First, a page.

Forget Me Not: Why NFL Fans Should Never Forget ‘The Replacements’

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The Packers became the inevitable martyr in the dispute between the NFL and its own locked out officials. Credit US Presswire.

I think most NFL fans would love to forget about the last seven weeks with regards to the officiating debacle.  The phantom calls.  The no calls.  The seemingly hours of deliberations between officials, then still having to be corrected by some mythical person behind the veil representing the NFL.  It was enough to make a root canal seem like a fun day at the office.  But, no matter how painful the 2012 season has been thus far, all fans of the NFL should never ever forget the pain and grief the NFL put us and the players through.

That’s right, I said the NFL.  Not the refs.  Remember, the replacement refs were no where near the level of the pros.  The replacement refs were completely unaccustomed to the speed of the game that, for most of them, it was just 60 minutes of blurriness.  It’s not their fault they missed call after call and needed an extra person in the booth to call down when they really goofed up.  Thursday evening’s contest of the Browns vs. the Ravens had over 70 years of collective experience officiating that game.  You just can’t replace that.  The NFL brass tried.  They hid behind the refs by staying quiet.  After all, it’s the replacements who were making the bad calls.  In the heat of the moment, they were getting the boos.  All the NFL needed to do was stay silent long enough to make it seem like they were reviewing tapes and talking to officials, then release some bogus statement that reaffirmed what took place on the field and in a very coded way announced their own complacency to the B.S. taking place every week.  All the while raking in the millions with the hard earned cash of their consumers.

For what? $30 million?  That’s the total amount field officials wanted in extra compensation.  According to Sean Conboy of the Pittsburgh Magazine, that’s how much the NFL needed to fork over to end the labor dispute.  The NFL is a business that makes over $8 billion a year and is slated to make $27 billion in tv contracts alone between 2012 and 2020.  The $30 million is .1% of that $27 billion.  That’s one tenth of one percent.  Peanuts.  Yet Commish Rodger Goodell did not want to budge and actually asked for a 16% pay cut.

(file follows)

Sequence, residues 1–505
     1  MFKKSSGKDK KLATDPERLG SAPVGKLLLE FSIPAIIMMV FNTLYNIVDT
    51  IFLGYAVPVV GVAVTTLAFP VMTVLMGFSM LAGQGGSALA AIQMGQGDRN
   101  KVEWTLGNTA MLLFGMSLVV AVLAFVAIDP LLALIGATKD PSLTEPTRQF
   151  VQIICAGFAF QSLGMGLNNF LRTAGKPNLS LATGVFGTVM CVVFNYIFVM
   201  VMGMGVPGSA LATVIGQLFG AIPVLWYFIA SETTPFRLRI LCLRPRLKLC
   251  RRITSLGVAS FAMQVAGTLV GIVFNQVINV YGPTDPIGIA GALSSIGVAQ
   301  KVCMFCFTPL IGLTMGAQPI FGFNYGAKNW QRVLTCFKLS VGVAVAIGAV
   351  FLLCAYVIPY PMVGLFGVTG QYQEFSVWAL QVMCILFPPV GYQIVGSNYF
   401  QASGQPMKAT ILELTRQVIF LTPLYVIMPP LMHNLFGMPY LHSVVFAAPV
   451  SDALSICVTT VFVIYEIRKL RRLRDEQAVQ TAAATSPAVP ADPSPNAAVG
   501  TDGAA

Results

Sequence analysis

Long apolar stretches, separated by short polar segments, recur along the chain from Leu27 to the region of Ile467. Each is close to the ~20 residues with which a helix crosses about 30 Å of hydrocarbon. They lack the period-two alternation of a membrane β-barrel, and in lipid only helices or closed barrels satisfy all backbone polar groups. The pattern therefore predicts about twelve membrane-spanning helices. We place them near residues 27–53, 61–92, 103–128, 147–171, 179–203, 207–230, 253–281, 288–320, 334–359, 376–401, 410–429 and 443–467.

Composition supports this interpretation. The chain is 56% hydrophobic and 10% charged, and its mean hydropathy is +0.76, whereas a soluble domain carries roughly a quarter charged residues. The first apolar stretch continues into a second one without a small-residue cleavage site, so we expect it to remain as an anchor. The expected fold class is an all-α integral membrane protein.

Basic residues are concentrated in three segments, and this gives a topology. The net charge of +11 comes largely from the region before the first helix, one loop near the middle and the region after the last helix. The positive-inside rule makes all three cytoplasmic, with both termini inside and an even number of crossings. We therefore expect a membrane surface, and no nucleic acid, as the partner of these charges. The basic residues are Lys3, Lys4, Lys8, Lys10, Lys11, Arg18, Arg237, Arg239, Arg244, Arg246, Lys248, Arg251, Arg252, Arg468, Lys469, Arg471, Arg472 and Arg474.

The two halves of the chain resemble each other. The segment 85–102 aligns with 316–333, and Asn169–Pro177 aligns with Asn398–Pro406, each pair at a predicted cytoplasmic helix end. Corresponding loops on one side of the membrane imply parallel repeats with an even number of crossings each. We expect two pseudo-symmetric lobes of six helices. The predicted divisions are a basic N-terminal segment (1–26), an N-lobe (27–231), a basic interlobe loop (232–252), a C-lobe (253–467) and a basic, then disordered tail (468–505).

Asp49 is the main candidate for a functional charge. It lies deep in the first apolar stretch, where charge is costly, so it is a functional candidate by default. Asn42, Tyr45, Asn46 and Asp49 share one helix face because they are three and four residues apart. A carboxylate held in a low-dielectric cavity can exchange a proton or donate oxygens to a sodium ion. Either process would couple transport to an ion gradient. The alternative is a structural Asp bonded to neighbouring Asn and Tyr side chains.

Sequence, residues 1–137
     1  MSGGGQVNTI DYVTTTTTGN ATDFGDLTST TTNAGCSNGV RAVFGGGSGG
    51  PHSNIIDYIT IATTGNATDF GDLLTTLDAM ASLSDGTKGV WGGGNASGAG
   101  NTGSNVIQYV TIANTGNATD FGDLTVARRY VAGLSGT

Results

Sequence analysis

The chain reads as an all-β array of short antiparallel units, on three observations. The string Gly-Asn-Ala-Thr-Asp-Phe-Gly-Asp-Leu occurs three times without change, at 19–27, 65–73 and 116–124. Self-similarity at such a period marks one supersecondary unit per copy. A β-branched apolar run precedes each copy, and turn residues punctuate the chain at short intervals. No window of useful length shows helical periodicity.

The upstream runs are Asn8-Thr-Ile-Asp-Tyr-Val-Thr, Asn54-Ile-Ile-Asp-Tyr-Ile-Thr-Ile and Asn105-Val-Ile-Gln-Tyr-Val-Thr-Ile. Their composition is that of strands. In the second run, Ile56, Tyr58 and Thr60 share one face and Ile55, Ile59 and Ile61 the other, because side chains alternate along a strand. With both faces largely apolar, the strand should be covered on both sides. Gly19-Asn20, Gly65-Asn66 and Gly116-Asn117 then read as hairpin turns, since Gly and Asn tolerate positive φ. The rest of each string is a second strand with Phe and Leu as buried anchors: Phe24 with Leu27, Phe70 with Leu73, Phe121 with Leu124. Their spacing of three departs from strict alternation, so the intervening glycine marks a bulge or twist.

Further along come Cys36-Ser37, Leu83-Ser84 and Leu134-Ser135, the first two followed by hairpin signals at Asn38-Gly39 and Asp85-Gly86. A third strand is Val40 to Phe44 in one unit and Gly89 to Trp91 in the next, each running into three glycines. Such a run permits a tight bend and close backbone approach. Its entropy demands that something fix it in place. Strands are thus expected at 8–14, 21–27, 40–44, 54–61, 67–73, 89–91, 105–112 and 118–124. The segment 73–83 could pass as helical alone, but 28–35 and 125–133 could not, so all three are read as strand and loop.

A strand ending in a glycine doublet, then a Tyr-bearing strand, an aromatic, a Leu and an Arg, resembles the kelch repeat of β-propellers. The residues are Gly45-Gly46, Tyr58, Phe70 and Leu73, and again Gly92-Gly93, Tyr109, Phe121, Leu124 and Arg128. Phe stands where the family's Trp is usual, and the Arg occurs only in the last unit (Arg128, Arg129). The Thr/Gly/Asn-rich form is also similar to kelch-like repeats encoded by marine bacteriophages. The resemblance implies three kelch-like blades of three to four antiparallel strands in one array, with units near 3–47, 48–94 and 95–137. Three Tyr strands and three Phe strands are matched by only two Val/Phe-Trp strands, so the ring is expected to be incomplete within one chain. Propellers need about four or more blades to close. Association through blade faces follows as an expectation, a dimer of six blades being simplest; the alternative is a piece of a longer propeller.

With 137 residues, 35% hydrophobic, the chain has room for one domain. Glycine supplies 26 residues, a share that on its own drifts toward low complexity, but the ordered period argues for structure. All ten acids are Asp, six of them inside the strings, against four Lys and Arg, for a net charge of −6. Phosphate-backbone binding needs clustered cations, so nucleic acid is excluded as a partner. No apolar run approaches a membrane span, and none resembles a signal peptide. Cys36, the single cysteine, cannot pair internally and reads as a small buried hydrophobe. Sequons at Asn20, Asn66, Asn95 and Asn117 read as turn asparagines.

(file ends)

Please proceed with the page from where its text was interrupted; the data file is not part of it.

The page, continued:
The problem with the starving artist slant is that… well… it only works for starving artists.  In fact, it never works for them either.  When you make as much money as the NFL does and are asking for pay cuts, don’t be surprised when that group laughs in your face and shoves a picket sign up your rear end.  Goodell tried to stick it to fans and players by using this rag tag bunch of replacement refs.  And in the end it only hurt the image and integrity of the NFL – the shield.

So it’s all said and done.  Why are we still talking about this?  Why should we not stop talking about it?  Because the NFL was one nationally televised unbelievably blown call away from getting away with it for another week.  And another and another, until the 2012 season would conclude in New Orleans.  The NFL was ready to sweep everything under the rug and tiptoe quietly into the 2012/13 offseason if they could get away with it.  Unfortunately for Goodell, no amount of spinning could do away with what everyone saw on national television Monday night in Seattle.  Enraged pundits and commentators spewed fire at how awful the NFL brass was at letting something like this to continue to happen.  Even ESPN’s Steve Young became emotional about the ‘game (he) loved.’  There were rumors of a ‘kneel-down’ as a protest from players.  God, wouldn’t that have been a sight to behold?  Goodell now became front and center – there was no more hiding behind the refs each week.  Goodell and the owners should continue to be front and center over the scrutiny into how this league is run from the business side.